Frequently Asked Questions

What is a bleed on a printed product?

Bleeds allow your printed design to go to the very edge of one (or more) sides of the printed sheet.  If you want an 8-1/2″ x 11″ flyer, and want patterned background printed on the entire surface, then the print image would extend to all four edges of the 4 sides of each sheet.  If your print image is exactly 8-1/2″ x 11″, it is difficult to have a commercial printing press print the size exactly without occasional white edges (from the paper showing if there is a slight movement in the press).
The solution; use print designs that have bleeds added.  Bleeds are extended design images BEYOND the edge of the printed sheet size. In our example above, the patterned background could be 9″ x 11.5″ (by adding an extra 0.25″ on all 4 sides.  The extra 0.25″ per side are called bleeds.
When we print jobs that have bleeds, we actually print the sheets on paper larger than the finished size (i.e. 8-1/2″ x 11″), and then trim the excess to the desired size.  This produces a clean, professional looks with no accidental small, white borders.

What is vector art?

Images that are to be printed generally fall into one of two categories; vector or raster.  Vector art (or images) are created using mathematical formulas (as opposed to raster art which is created with a series of dots or pixels).  Vector art is created with professional design software like Adobe Illustrator.  Vector art is preferred (and often required) when very sharp printed detail is desired, and when an image has to be scaled up to a larger size (for instance, when printing a banner or sign).  Vector art sizes can be changed without reducing the quality or sharpness of the image.  Unfortunately, some image types cannot be created in vector format (for instance, photographs).  See Raster Art for details about photographs and other non-vector images.

What is raster art?

Raster images are graphics that are made up of individually colored dots called pixels. These pixels are arranged in a grid to produce the image you see. Raster images are extremely common in file extensions such as JPEG, PNG, PSD, and TIFF. Even the pictures you take on your phone are raster images. However, despite their widespread use, they have a distinct setback. Because these images are made with individually colored pixels (unlike Vector Art which is made via formulas), zooming in too much will cause the image to become blurry, grainy, or pixelated. If using a raster image for your art, it is best to have images of the desired (printed) size to avoid unwanted blurriness. Where possible, start with a higher resolution than necessary since raster images will keep their crisp appearance when scaled down; just not when scaled up.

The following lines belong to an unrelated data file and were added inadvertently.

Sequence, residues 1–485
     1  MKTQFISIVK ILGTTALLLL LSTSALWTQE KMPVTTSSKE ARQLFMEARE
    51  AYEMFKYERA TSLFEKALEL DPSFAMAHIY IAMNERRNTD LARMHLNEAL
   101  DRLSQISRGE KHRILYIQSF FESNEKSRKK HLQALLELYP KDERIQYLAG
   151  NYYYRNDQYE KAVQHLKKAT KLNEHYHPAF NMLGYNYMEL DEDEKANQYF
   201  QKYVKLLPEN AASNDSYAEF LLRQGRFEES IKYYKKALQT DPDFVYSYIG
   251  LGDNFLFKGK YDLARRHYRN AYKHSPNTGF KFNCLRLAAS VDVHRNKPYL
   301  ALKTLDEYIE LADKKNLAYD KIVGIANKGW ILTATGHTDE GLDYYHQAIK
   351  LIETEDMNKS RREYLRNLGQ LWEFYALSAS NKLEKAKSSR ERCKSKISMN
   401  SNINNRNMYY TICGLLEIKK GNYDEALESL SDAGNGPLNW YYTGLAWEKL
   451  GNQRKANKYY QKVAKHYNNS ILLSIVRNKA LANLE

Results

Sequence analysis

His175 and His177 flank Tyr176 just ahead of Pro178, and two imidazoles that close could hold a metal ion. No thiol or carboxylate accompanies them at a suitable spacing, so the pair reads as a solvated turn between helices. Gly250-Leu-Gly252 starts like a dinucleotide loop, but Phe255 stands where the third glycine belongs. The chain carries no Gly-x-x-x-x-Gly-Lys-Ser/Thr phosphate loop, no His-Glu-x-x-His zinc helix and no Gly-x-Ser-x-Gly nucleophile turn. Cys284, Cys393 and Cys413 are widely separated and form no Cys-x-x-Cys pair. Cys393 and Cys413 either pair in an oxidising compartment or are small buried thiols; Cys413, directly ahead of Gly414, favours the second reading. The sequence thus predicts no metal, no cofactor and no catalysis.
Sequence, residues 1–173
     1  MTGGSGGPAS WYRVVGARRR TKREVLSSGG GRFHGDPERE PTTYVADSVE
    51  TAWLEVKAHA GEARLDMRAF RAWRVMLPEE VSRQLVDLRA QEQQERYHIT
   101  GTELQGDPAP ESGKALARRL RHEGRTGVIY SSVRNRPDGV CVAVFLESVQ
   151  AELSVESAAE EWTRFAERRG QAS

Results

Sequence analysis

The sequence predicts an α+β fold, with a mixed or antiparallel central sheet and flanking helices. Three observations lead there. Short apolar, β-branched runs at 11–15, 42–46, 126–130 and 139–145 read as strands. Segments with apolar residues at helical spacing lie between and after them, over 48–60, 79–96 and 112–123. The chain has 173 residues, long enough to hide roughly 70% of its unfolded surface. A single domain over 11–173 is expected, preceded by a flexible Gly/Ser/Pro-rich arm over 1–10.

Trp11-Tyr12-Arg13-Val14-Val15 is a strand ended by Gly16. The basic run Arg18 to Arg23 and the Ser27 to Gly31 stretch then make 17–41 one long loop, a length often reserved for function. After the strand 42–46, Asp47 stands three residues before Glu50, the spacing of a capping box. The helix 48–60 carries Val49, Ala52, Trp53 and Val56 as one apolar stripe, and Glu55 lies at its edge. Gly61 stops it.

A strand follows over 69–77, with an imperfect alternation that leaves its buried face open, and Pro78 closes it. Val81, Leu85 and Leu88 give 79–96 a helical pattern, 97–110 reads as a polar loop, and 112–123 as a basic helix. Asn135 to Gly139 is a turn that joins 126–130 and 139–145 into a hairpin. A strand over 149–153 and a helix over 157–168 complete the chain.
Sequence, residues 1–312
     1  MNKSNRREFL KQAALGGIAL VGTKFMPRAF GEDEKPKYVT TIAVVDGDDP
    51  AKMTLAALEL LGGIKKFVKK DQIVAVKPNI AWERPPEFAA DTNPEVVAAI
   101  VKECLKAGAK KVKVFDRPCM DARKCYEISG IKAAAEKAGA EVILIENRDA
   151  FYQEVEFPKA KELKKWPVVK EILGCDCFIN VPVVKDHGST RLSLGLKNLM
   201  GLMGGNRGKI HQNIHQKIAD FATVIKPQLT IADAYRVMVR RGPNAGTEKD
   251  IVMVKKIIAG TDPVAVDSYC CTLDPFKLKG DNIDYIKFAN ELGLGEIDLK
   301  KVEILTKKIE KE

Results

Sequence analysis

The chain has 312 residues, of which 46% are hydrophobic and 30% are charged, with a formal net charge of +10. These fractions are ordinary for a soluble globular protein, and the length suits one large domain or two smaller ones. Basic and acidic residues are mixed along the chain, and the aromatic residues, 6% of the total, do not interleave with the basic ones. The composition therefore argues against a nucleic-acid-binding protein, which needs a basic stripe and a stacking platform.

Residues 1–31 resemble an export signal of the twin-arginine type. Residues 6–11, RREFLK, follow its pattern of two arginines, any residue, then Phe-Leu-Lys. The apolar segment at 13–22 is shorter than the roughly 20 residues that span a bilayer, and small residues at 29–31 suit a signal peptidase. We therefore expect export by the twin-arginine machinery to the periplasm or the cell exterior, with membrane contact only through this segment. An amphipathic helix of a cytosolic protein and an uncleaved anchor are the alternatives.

What are pantone colors?

To put it simply, Pantone colors are a method of standardizing colors for use in designing, printing, and manufacturing. Color accuracy is important, but can be difficult to achieve. For example, maybe you want a blue shirt for your next event. Well, which shade of blue? Turquoise? Navy? Teal? Do you want it lighter or darker? Describing colors is difficult, to say the least. So the Pantone Matching System (PMS) standardizes over 1,000 colors and assigns them a name and number. These colors (along with their name and number) are available on swatches so that designers and manufacturers can double check accuracy every step of the way. By using this system we can confirm both that you are happy with the chosen color, as well as the fact that the end product matches what was asked for.

What is embossing?

Embossing is to decorate something by elevate a design, pattern, etc. This is most often used on printed products, but can also be used on other products such as leather. The embossing effect is achieved by carving, molding, or stamping. This three-dimensional effect is used to cause the eye to be directed toward the design that appears to be jumping out towards them. The opposite of embossing is debossing.

What is debossing?

Debossing is to decorate something depressing the design or pattern into the product. This creates a “sunken in” look which draws the eye. Like embossing, debossing is most often used in printed products, but is also possible on surfaces such as leather. Both processes are excellent at creating both a crisp visual effect, as well as adding unique texture.

What is foil stamping?

Foil stamping is a special printing process that applies colored foils to the surface of a product through a combination of heat and pressure. This process often uses metallic foils on matte products to create an elegant contrast. Even though metallic foils are the most popular, though, there are also many of kinds of foils ranging from matte to glossy in various colors. It is an excellent method of making a logo “pop” while also giving a bit of texture to the product.

What is pilling?


Pilling is a surface defect of textiles that cause a tangled ball of fibers to appear on the surface. These “pills” occur as a result of wear or continued friction/rubbing on the surface of the fabric. Many modern manufacturing processes exist to help prevent this from happening, and some fabrics are specifically designed to avoid it.